Dr. Rebecca Lee Crumpler – first Black female doctor in the USA

Born in 1831, Rebecca Davis was raised by her aunt whom she referred to as a very kind influence in her life. In later years she would attribute to her own desire to do whatever she could to alleviate suffering, to the aunt whose ministrations were much sought after by neighbours who were sick. She attended an exclusive private school as a special student before moving to Charlestown, Massachusetts to work as a nurse. She was not formally trained as the first school for nurses did not open until 1873.

She worked for eight years with different doctors, with the result that she received several letters of commendation to be admitted as a student at the New England Female Medical College which had opened in 1850 with a class of 12 women. Its purpose was to train women in the field of obstetrics, thought to be the ‘natural province’ of women, leaving men free to get on with more important work.

The college faced a great deal of opposition from male physicians who determined that women lacked the physical strength to be doctors, and that women were incapable of mastering a medical curriculum. In addition, it was said that much of the curriculum would be inappropriate for their ‘sensitive and delicate natures’. However, Rebecca boldly applied and was accepted, entering the college in 1860 on a scholarship through the Wade Scholarship fund set up by an abolitionist.

In 1864 she received the degree of ‘Doctress of Medicine’ and was the first African American woman to receive a medical degree. What makes that so astonishing is that in 1860 there were 54,543 physicians in the USA, and only 300 were women, all white. As late as 1920, there were only 65 African American doctors in the USA.

Rachel was married Wyatt Lee, a former slave, from 1852 until his death of tuberculosis in 1863. In 1864 she married Arthur Crumpler, who had been a fugitive slave who escaped. They had one daughter, Lizzie Sinclair Crumpler.

Can you imagine losing one husband and marrying another in the middle of studying to be the first Black female doctor in the country? This was a woman of great courage and determination. Having witnessed many premature deaths, she believed that preventative practices would save lives, and this was the focus of much of her work as a nurse and then a physician. but at that time, most people did not pay much attention to the why, only the what.

She began to practice in Boston but quickly moved in 1865 to Richmond, Virginia once the Civil War ended. She felt Richmond was a ‘proper field for real missionary work, presenting ample opportunities to become acquainted with the diseases of women and children’. She signed up to work with The Freedmen’s Agency, the government body tasked with assisting around 4 million people transition to freedom from enslavement. The situation was much like a refugee camp and cholera and smallpox were endemic.

She and the other Black doctors provided medical care for the poorest and most destitute people and in the process, she and they endured horrifying daily episodes of intense racism, insults, as well as sexism. During this time, it was widely believed that the male brain was 10% larger than the female brain and that a woman’s job was to be submissive and beautiful. For this reason, many doctors ignored her, refused to listen to her medical opinions, and often denied her patients admittance to the hospital. Pharmacists refused to honour her prescriptions. Her degree was mocked by people who said the M.D. after her name stood for Mule Driver. However, she wrote of her success in that she was able to support ‘a very large number of the indigent, and others of different classes, in a population of over 30,000 coloured.’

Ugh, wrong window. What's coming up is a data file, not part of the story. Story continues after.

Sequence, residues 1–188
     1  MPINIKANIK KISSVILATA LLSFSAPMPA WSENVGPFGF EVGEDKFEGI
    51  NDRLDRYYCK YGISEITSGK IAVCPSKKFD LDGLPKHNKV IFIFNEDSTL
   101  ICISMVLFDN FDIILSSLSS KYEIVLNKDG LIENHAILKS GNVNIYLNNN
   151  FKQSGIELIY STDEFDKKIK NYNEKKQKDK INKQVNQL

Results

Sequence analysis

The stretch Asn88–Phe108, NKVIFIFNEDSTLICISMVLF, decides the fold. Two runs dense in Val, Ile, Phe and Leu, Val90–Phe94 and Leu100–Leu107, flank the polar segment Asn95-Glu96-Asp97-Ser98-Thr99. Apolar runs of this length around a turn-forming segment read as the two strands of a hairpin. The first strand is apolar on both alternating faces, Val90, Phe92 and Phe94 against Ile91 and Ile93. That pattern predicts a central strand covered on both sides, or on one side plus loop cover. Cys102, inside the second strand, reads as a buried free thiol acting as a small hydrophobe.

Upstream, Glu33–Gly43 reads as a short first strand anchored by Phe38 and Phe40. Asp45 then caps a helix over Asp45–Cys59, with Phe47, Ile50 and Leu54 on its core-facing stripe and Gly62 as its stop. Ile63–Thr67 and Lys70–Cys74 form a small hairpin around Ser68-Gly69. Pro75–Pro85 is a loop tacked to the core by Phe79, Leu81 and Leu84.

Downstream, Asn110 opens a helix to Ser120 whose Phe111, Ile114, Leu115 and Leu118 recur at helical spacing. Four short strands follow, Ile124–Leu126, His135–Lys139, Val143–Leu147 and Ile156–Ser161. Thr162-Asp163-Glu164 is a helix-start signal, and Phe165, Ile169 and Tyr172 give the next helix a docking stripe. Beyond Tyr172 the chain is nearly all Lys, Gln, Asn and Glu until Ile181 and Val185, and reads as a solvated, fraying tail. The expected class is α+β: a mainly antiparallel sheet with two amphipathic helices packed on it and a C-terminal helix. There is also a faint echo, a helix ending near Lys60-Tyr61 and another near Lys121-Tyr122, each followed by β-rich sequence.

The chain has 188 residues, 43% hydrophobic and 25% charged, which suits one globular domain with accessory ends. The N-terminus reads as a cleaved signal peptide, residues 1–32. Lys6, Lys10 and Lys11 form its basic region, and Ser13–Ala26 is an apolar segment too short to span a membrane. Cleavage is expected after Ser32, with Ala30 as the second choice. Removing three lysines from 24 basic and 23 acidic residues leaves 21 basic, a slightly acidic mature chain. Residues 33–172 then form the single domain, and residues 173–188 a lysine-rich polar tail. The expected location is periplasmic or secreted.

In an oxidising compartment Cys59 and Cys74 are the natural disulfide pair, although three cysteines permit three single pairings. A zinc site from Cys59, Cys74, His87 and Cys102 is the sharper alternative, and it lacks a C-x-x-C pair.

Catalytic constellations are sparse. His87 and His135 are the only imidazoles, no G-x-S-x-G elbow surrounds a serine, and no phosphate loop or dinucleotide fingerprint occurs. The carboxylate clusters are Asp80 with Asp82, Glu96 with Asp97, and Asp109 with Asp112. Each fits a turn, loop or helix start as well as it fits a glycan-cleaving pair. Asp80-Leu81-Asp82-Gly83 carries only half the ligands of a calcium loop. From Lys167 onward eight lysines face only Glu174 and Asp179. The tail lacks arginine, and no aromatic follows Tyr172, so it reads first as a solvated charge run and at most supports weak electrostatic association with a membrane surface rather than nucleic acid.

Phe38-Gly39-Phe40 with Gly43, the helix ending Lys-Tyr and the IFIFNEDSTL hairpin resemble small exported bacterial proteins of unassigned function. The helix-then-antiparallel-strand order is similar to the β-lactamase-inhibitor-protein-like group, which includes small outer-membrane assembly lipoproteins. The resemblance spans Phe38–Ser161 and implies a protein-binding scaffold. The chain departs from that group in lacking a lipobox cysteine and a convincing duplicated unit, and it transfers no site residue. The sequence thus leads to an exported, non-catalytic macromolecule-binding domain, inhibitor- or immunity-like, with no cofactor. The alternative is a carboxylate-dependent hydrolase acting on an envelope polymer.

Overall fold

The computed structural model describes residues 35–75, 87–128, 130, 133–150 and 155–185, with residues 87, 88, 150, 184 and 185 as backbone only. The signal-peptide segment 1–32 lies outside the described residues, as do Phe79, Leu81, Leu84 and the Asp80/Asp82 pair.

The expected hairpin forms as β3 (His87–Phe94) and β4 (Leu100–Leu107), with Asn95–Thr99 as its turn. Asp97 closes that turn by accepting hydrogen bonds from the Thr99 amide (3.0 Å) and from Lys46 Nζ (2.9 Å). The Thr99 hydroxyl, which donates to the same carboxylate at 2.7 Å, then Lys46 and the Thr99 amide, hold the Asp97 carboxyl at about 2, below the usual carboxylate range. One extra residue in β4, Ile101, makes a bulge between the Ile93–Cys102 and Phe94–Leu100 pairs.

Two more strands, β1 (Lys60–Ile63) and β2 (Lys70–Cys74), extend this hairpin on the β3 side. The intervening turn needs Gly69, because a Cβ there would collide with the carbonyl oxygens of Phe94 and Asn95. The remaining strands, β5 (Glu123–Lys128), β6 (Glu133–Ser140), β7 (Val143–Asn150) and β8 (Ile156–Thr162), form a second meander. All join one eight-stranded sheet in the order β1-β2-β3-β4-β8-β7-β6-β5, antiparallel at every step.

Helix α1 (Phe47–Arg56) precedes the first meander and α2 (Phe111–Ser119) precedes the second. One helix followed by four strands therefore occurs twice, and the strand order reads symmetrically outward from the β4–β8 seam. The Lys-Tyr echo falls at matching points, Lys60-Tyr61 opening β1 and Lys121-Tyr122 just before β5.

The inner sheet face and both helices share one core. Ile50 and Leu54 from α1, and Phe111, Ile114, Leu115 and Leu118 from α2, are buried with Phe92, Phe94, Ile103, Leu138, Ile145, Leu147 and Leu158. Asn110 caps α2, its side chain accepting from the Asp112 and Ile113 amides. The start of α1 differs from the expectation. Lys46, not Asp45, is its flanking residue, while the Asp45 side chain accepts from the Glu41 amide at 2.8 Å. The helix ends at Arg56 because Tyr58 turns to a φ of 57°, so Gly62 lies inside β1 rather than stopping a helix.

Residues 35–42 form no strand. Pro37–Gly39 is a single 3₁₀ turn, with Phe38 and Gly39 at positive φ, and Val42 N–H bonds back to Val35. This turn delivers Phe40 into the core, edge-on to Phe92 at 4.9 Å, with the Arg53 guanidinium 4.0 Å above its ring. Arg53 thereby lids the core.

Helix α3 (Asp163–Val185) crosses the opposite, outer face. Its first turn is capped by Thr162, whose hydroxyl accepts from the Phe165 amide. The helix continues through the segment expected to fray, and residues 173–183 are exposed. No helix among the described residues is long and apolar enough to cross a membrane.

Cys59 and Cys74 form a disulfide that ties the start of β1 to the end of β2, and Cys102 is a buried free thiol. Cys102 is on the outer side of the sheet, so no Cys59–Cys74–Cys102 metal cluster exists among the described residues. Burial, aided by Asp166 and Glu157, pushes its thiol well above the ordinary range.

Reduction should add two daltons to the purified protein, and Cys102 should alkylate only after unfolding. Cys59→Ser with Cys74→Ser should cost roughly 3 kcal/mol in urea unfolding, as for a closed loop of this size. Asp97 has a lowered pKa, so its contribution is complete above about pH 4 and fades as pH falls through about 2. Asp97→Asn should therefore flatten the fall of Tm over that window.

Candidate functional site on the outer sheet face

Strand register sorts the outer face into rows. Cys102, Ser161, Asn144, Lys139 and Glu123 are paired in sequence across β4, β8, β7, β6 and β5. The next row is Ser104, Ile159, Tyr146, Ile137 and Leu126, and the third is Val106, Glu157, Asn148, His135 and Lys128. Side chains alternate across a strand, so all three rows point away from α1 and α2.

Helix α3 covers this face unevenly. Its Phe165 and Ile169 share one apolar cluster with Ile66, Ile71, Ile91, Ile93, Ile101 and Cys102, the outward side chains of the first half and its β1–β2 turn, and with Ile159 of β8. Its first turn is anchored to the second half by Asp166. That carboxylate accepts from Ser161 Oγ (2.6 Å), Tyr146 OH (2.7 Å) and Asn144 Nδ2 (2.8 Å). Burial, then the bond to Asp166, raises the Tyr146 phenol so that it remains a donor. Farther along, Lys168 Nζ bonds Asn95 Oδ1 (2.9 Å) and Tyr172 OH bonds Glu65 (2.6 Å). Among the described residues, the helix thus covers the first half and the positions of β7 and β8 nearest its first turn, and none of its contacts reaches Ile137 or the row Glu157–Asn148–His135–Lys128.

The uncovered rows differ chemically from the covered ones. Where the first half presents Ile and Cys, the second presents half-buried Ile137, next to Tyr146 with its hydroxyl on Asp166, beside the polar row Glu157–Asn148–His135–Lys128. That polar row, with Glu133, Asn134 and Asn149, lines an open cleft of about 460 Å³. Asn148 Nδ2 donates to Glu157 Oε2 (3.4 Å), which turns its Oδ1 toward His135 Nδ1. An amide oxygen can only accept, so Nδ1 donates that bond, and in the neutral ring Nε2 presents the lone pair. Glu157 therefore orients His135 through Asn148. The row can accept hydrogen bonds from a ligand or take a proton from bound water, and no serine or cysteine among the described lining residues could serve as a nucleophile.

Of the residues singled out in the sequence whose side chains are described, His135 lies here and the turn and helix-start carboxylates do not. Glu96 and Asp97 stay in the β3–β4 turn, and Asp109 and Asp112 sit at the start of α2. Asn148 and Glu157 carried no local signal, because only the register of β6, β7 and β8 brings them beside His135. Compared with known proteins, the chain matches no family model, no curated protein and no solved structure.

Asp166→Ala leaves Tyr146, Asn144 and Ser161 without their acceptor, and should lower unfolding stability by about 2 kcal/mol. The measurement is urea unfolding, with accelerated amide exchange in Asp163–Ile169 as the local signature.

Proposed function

Moving back to Boston in 1869, she and Arthur lived in a Black neighbourhood, providing medical help to the community, particularly caring for children, very often without any financial remuneration. In addition to running a busy medical practice, she also educated women about pregnancy and childbirth, and published an important volume on disease prevention. Truly a woman ahead of her time.

Rebecca and Arthur moved to Hyde Park, New York, in 1880 where she appears to have ceased practicing medicine but she wrote a two part book published in 1883 titled ‘Book of Medical Discourses’. In it she said: ‘I desire that my book shall be as a primary reader in the hands of every woman; and yet nonetheless suited to any who may be conversant with all branches of medical science. It was the first medical text written by an African American, and it particularly addressed the needs of women and children, which was unusual. She dedicated the book to: ‘mothers, nurses, and all who may desire to mitigate the afflictions of the human race.’

In 1989 the Rebecca Lee Society was formed to honour her achievements. In 2016, an obstetrician-gynaecologist, Dr. Melody T. McCloud, a graduate of Boston University School of Medicine, urged the university to memorialise Crumpler’s accomplishments. McCloud, who speaks and writes about systemic racial inequities in medicine, insisted that Crumpler should be remembered as a role model who overcame incredible odds As a result, Boston University showcases an exhibition in memory of Crumpler’s work. In March, 2019, the governor issued a proclamation commemorating Crumpler’s ‘tremendous accomplishments in medicine’ in Richmond.

No photos survive of this amazing woman, but it’s possible a coin has her face on it. Dr. Rebecca Lee Crumpler was a woman in a million, a woman on a mission, a woman who knew the call on her life and didn’t let anything stop her from going full steam ahead. Regardless of the detractors, the dissenters and the downright abusive, she continued on her journey and, in doing so, changed the future for women everywhere… and their children.